Putting in the Grid System on How to Install a Drop Ceiling

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Cut a 8–10 in (20–25 cm) piece of 16-gauge wire for each of your eyelets. Feed about 2 in (5.1 cm) of the wire through the eyelet, and bend it with a pair of pliers until it points down.[8]

Putting in the Grid System on How to Install a Drop Ceiling

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Hold one of your main runners up so the ends rest on your wall angles and so it’s perpendicular to your joists. Feed the other end of the wire through one of the circular slots on the runner, and bend it up with your pliers. Twist the wires around themselves at least 3 times to keep them secure.[9] Make sure your joists are level as you keep adding wires. Adjust where the bend is in the wires if one side is higher than the other.

Putting in the Grid System on How to Install a Drop Ceiling

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Locate the slots on the main runners every 2 ft (0.61 m). Lift your 4 ft (1.2 m) runners above the main runners and feed them into the slots on the mains. Put a secondary runner every 2 ft (0.61 m) along your main runners.[10]Tip: If you want a 2 ft× 2 ft (0.61 m × 0.61 m)tile system, click 2 ft(0.61 m) secondary runners inthe center each 4 ft (1.2 m)runner.Tip: If you want a 2 ft × 2 ft(0.61 m × 0.61 m) tile system,click 2 ft (0.61 m) secondaryrunners in the center each 4 ft(1.2 m) runner.Tip: If you want a 2 ft × 2 ft (0.61 m× 0.61 m) tile system, click 2 ft(0.61 m) secondary runners in the centereach 4 ft (1.2 m) runner.Tip: If you want a 2 ft × 2 ft (0.61 m × 0.61 m) tile system,click 2 ft (0.61 m) secondary runners in the center each 4 ft(1.2 m) runner.Tip: If you want a 2 ft × 2 ft (0.61 m × 0.61 m) tile system, click2 ft (0.61 m) secondary runners in the center each 4 ft (1.2 m) runner.

Part 3
Installing the Ceiling Tiles

Installing the Ceiling Tiles on How to Install a Drop Ceiling

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Locate any areas on your ceiling where you need to make an opening for your ducts or light fixtures. Trace the end of the duct or the size of the light feature onto the back of one of your tiles. Cut the shape out of the tile with a sharp utility knife.[11] If you’re installing a full-panel fluorescent light fixture, you don’t need to cut any shapes from the tiles.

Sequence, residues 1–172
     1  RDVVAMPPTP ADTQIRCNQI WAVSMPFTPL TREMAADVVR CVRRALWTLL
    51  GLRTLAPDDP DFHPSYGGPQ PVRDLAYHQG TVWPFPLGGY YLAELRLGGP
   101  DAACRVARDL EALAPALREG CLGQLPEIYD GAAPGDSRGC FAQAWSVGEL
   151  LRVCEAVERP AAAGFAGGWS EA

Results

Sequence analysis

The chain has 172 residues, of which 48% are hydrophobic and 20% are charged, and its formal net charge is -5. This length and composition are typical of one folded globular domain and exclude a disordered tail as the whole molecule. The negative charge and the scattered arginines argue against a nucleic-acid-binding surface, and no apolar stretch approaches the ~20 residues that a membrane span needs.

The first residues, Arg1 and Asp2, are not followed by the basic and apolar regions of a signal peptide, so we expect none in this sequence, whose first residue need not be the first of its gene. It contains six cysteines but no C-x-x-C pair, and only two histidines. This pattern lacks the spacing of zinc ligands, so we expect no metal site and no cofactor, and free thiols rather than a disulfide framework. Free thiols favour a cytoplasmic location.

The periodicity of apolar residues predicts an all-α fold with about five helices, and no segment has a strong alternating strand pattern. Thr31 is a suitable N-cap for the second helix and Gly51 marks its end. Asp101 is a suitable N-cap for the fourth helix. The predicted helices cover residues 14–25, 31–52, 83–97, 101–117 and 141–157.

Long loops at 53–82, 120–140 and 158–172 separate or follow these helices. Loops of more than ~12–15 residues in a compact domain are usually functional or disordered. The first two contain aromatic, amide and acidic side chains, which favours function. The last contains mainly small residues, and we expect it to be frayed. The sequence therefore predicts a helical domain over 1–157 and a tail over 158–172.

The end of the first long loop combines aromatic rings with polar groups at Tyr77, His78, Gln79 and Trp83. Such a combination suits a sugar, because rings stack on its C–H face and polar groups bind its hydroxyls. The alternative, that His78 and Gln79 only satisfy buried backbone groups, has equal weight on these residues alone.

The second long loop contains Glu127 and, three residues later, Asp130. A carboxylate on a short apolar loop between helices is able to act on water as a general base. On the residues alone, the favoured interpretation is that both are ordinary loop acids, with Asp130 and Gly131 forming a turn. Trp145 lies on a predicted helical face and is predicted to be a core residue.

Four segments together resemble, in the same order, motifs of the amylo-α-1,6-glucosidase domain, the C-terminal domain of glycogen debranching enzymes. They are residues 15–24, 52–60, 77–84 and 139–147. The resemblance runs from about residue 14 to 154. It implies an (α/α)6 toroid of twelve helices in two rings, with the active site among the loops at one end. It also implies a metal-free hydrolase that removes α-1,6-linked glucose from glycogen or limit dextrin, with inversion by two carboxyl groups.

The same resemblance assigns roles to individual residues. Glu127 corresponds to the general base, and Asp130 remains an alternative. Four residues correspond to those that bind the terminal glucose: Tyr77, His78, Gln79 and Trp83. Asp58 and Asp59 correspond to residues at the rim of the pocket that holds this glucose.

Installing the Ceiling Tiles on How to Install a Drop Ceiling

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Your room will most likely have edges that won’t fit full-sized tiles. Measure the grid opening for the tile and add 3⁄8 in (0.95 cm) to the measurement you found. Transfer that measurement to tile and cut the piece to size using a utility knife.[12] Avoid using any power equipment to cut your tiles since it will generate a lot of dust. Tip: Tiles usually come in 2 ft× 4 ft (0.61 m × 1.22 m)or 2 ft × 2 ft (0.61 m× 0.61 m) sizes. While 2 ft× 4 ft (0.61 m × 1.22 m)tiles use less material and aremore cost effective, they do nothave the same versatility as2 ft × 2 ft (0.61 m× 0.61 m) tiles.Tip: Tiles usually come in 2 ft× 4 ft (0.61 m × 1.22 m) or2 ft × 2 ft (0.61 m × 0.61 m)sizes. While 2 ft × 4 ft (0.61 m× 1.22 m) tiles use less materialand are more cost effective, they donot have the same versatility as 2 ft× 2 ft (0.61 m × 0.61 m) tiles.Tip: Tiles usually come in 2 ft × 4 ft(0.61 m × 1.22 m) or 2 ft × 2 ft(0.61 m × 0.61 m) sizes. While 2 ft× 4 ft (0.61 m × 1.22 m) tiles useless material and are more cost effective,they do not have the same versatility as2 ft × 2 ft (0.61 m × 0.61 m) tiles.Tip: Tiles usually come in 2 ft × 4 ft (0.61 m × 1.22 m) or2 ft × 2 ft (0.61 m × 0.61 m) sizes. While 2 ft × 4 ft(0.61 m × 1.22 m) tiles use less material and are more costeffective, they do not have the same versatility as 2 ft × 2 ft(0.61 m × 0.61 m) tiles.Tip: Tiles usually come in 2 ft × 4 ft (0.61 m × 1.22 m) or 2 ft× 2 ft (0.61 m × 0.61 m) sizes. While 2 ft × 4 ft (0.61 m× 1.22 m) tiles use less material and are more cost effective, they do nothave the same versatility as 2 ft × 2 ft (0.61 m × 0.61 m) tiles.

Installing the Ceiling Tiles on How to Install a Drop Ceiling

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95 cm) flange in any cut edge of your tiles. The flanges rest on your runners and make the tile have more dimension when you put it in your ceiling. Measure in 3⁄8 in (0.95 cm) from any edge that doesn’t have a flange and draw a line with a pencil. Follow along the line with a utility knife, only cutting halfway through the tile. Make another cut on the side of the tile at the same depth as your first cut to remove the flange piece.[13] This only needs to be done if your tiles don’t have flanges already.

Installing the Ceiling Tiles on How to Install a Drop Ceiling

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Start in the center of your room and work towards the edges. Angle the tiles and lift them through the grid system. Straighten the tiles out before setting the flanges on the runners. Continue putting the tiles into your ceiling until it’s completely covered.[14] Make sure the tiles are level as you install them. If you find any that aren’t level, adjust the runners before moving on.